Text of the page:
As announced in the last report, i started looking into SSO solutions and evaluated and tested them. At the begining my focus was on SAML integration, but i soon realized that OAuth2 would be more important.
I started with installing Lemonldap-NG. LL-NG is a WebSSO solution writting in perl that uses ModPerl or FastCGI for delivering Webcontent. There is a Debian package in stable, so the installation was no problem at all. The configuration was a bit harder, as LL-NG has a complex architecture with different vhosts. But after some fiddling i managed to connect the installation to our test LDAP instance and was able to authenticate against the LL-NG portal. Then i started to research how to integrate an OAuth2 client. For the tests i had on the one hand a gitlab installation that i tried to connect to the OAuth2 providers using the omniauth-oauth2-generic strategy. To have a bit more fine grained control over the OAuth2 client configuration i also used the python requests-oauthlib module and modified the web app example from their documentation to my needs. After some fiddling and a bit of back and forth on the lemonldap-ng mailinglist i managed both test clients to authenticate against LL-NG.
The second solution i tested was Keycloak, an
identity and access management solution written in java by Redhat. There is no
debian package, but nonetheless it was very easy to get it running. It is
enough to install
jre-default from the package repositories and then run the
standalone script from the extracted keycloak folder. Because keycloak only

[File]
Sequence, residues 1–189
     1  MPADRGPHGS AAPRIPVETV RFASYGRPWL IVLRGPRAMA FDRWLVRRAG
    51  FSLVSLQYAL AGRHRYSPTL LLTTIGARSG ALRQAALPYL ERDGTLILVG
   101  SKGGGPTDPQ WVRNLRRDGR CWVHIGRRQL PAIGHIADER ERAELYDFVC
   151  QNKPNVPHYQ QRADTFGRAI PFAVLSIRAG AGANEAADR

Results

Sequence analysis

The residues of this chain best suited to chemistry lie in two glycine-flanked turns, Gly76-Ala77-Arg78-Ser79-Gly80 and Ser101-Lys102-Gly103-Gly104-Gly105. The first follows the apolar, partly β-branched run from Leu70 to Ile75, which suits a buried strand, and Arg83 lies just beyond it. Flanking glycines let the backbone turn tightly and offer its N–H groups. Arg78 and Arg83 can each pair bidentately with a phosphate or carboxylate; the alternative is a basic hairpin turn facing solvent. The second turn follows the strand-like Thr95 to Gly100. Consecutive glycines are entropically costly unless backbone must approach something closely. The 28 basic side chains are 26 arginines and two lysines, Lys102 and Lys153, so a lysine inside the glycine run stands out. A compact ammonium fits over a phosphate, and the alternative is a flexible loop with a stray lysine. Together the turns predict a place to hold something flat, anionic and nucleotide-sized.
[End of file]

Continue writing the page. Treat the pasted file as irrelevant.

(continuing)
listens on localhost and i didn’t want to get into configuring the java
webserver stuff, i installed nginx and configured is as a proxy. In Keycloak
too the first step was to configure the LDAP backend. When i was able to
successfully login using my LDAP credentials, i looked into configuring an
OAuth2 client, which wasn’t that hard either.
The third solution i looked into was
Glewlwyd, written by babelouest.
There is a Debian package in buster, so i added the buster sources, set up apt
pinning and installed the needed packages. Glewlwyd is a system service that
listens on localhost:4593, so i also used nginx in this case. The configuration
for the LDAP backend is done in the configuration file which is on Debian
/etc/glewlwyd/glewlwyd-debian.conf. Glewlwyd provides a webinterface for
managing users and clients and it is possible to store all the values in LDAP.
The next steps will be to test the last candidate, which is
ipsilon and also
test all the solutions for some important features, like multiple backends and
exporting of configurable attributes. Last but not least i want to create a
table to have an overview of all the features and drawbacks of the solutions.
All the evaluations are public in a salsa
I also carried on doing some work on
nacho, though most of the issues that
have to be fixed are rather small. I reguarly stumble upon texts about Python
or Django, like for example the Django
NewbieMistakes and try to
read all of them and use that for improving on my work.